of course, maybe all this mental decay came later. from the french girl who seduced me in an english youth hostel. afterwards, she told me maybe she had syphilis. boy, did she hate men. my nurse sister gave me a heavy dose of penicillin in frankfurt. did it prevent those wicked little termites from doing there worst? after forty years i still can't be sure.

yes, i keep falling for borderline personalities. maybe i've finally learned my lesson. today, i received a note from eva bidding me goodbye and condemning me for my selfishness, even after i wrote i couldn't spend more than two hours with anyone. my focus goes. i damn near kill myself driving my truck. it's a luckless limitation have. o boy, am i relieved! i do feel she's in a good place and will do well. she's moved to a new town and entered therapy. now it's time for me to shake my head vigorously and clear my mind.

here's an account of therapy from the past. we are who we are:

i've also posted the other two parts of mother thunder. relationship are obviously not my forte:

Sunday, November 14, 2010

praise for the makers

is there a gene for reading? i must have gotten one particular habit from my grandfather. after he died my mother found stacks of uplifting quotes. and he read religious passages every morning. (i go for zen and haiku.)

for the past couple of years i've read a mini-chapter from richard carlsen's don't sweat the small stuff - as well as the same from osho's everyday. of course, it doesn't do just to peruse. i always keep in mind what ramana maharshi said, 'put one thing in practice.' sure 'nuff, that can change everything.

lately, i've tried one of carlsen's techniques: when you wake up, take time to think of someone to whom you are grateful. alas, that's pretty tough to do with people you know well, family and friends. our feelings about these almost always tremendously mixed.

so the other day, i looked about the room as i rose from night-time haze. ah, my eye fell on the classical guitar i bought years ago in berkeley. handcrafted in germany in 1967, it aroused an intense thankfulness for the maker. then i realized i had the same feeling about the guys who built my lookout in 1988. yes, it has to do with delicate wood creations that resonate with fingers or the wind.

that was a surprising start in gratitude. and i realized my whole life i've enjoyed making things: plays, poems, photos, drawings. this morning i extended gratefulness to people who'd made everything i use: soap, computer, shower, and so on. pretty soon it reaches astronomical numbers. rather overwhelming, i dare say. thousands of people have created the world in which i live.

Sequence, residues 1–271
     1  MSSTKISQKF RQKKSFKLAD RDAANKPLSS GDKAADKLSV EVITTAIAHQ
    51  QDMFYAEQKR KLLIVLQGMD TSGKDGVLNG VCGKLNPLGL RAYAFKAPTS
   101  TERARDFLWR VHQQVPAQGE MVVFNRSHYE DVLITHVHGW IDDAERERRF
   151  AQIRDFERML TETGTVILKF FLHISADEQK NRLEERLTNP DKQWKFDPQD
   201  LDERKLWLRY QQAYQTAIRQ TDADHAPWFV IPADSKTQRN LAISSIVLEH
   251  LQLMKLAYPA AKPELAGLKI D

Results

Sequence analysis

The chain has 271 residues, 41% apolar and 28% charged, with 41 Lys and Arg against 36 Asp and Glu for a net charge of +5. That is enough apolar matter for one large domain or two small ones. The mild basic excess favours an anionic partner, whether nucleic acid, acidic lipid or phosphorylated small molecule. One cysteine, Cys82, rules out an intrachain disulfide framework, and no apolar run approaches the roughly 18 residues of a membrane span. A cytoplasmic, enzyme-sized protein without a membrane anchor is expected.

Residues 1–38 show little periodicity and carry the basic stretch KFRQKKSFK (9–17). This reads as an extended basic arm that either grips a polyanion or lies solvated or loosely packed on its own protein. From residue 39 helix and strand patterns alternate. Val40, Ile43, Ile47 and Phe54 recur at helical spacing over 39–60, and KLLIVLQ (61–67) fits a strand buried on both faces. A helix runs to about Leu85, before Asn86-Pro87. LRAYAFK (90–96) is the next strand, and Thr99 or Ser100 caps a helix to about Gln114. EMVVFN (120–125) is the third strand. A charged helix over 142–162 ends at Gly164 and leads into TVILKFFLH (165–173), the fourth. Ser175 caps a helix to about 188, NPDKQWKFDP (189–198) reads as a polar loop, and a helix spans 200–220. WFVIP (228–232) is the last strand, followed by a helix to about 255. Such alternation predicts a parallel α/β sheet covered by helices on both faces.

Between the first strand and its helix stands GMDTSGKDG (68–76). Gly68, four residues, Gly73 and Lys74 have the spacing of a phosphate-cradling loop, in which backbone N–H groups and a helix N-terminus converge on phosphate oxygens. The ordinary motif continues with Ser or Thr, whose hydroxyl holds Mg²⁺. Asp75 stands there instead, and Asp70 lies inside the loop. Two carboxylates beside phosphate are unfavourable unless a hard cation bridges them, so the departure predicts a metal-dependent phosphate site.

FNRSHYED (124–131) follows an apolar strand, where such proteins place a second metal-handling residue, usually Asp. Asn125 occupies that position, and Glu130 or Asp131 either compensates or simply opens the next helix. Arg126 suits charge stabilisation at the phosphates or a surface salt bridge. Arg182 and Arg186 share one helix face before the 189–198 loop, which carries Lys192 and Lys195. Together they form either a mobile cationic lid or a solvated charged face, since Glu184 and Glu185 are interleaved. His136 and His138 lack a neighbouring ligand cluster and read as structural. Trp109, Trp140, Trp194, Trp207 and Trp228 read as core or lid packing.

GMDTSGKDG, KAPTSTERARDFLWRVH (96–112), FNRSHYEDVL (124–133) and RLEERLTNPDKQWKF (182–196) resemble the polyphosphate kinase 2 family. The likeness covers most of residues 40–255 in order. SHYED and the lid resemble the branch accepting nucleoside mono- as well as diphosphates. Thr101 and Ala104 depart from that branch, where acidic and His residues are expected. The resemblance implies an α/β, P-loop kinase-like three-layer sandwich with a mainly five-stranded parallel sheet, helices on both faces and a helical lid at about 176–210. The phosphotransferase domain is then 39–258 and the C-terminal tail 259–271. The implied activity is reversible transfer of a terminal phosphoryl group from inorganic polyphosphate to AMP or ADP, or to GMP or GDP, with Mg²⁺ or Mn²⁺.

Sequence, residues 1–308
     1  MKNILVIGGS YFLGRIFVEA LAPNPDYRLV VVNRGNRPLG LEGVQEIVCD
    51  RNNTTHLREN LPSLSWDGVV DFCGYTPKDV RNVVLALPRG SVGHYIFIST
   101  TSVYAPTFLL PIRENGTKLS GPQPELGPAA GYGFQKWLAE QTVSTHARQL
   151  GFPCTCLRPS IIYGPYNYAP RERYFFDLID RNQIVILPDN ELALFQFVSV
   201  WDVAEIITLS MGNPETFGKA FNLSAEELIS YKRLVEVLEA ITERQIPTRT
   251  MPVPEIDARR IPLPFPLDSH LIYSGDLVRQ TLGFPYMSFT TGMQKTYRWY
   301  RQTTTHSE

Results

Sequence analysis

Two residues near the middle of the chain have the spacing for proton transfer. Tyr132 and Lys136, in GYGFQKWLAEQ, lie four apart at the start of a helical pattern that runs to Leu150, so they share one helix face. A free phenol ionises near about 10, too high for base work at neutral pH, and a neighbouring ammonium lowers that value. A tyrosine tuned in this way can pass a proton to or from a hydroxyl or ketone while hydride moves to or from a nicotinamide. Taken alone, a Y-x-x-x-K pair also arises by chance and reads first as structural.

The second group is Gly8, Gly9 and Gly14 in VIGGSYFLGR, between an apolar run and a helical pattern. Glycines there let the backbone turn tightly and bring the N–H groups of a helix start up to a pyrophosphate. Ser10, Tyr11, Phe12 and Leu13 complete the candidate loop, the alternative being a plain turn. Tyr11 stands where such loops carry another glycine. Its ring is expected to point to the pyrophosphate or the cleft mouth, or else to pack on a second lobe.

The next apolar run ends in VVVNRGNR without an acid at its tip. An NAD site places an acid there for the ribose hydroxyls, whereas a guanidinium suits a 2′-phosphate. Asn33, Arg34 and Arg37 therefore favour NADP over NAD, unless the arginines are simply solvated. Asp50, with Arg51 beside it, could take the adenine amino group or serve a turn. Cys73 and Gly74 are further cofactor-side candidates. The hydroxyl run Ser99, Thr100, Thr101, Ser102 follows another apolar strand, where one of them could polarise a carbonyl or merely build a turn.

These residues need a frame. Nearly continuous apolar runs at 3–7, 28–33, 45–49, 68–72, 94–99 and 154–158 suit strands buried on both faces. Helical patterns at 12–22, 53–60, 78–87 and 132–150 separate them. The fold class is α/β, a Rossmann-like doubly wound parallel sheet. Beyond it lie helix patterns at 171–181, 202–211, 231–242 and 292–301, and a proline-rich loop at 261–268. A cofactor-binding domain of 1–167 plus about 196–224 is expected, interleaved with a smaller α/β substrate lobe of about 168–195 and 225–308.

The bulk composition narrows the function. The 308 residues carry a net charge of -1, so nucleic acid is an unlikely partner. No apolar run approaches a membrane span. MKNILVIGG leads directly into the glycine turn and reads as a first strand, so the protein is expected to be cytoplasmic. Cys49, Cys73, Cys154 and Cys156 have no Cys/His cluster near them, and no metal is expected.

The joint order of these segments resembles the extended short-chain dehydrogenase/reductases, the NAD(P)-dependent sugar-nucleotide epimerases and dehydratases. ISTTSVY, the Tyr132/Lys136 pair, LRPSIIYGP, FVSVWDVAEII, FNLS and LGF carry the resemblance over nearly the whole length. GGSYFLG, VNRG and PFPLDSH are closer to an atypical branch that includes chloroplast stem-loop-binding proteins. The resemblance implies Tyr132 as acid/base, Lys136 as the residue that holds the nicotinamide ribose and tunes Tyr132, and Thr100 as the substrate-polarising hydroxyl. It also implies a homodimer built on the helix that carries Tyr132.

for example, i returned to my favorite antique barn a couple days ago and took more pictures: (previous shoot: )

what a wonderful world of memories i never had!

and here's a local hamburger joint full of oddities like a museum:

and last evening, i uploaded the first of three parts to a movie i wrote and acted in 1973:

though fame and fortune never came from these objects, i'm glad to have made them. the painter francis bacon said it's like leaving a snail's trail across the canvas.

Saturday, November 6, 2010

how do you prepare for violence?

since the germans invaded norway the week i was born, may 1940, and we lived in germany 1954-56, i've been interested in my own oblivious perceptions. as a teenager, of course, girls and basketball completely dominated my consciousness. that's a fair excuse.

however, seeking a writer's experience, i lived in berlin the winter of 66/67. you can listen to a bit of that time on youtube:

and i really didn't have a sense of the city's recent history, despite the wall practically in my backyard.

so i've been doing some research. yesterday, i browsed war in berlin by roger moorehouse (it just came out) and have been reading three novels by phillip kerr berlin noir. also this week i watched a woman in berlin (not for the squeamish) and murderers are among us. amazing how few people know what they're getting into when they go to war.

most of us not used to violence unless we live in a ghetto or work on a police force or serve combat missions in afghanistan. caught by surprise, it's easy to disintegrate. this summer i listened to a complete reading of night by elie weisel. his jewish village driven into a concentration camp. most people lost their identities completely and quickly.

except for automobile accidents, violence rarely throws us into an alternate world; and those of you who've been in crashes on the highway know what i mean. our perception of time changes. we act completely in the present (if we can still move). and our focus becomes absolute.

movies don't really get us ready. the vicarious detonations and mock bloodshed on the screen merely thrill us. the imaginary punishment to our nervous system doesn't so much put us into shock as to give us feelings of immortality, riding the waves of terror to a safe harbor. they may even make us less prepared for the real thing, our imaginations warped into delusions of grandeur and being 'the lone survivor.'

i suspect the martial arts might be a partial answer, even if they can't stand up to machine-guns and grenades. perhaps we wouldn't be so surprised by sudden eruptions and sneak attacks. everything in america seems to prepare us for combat, yet few things really do.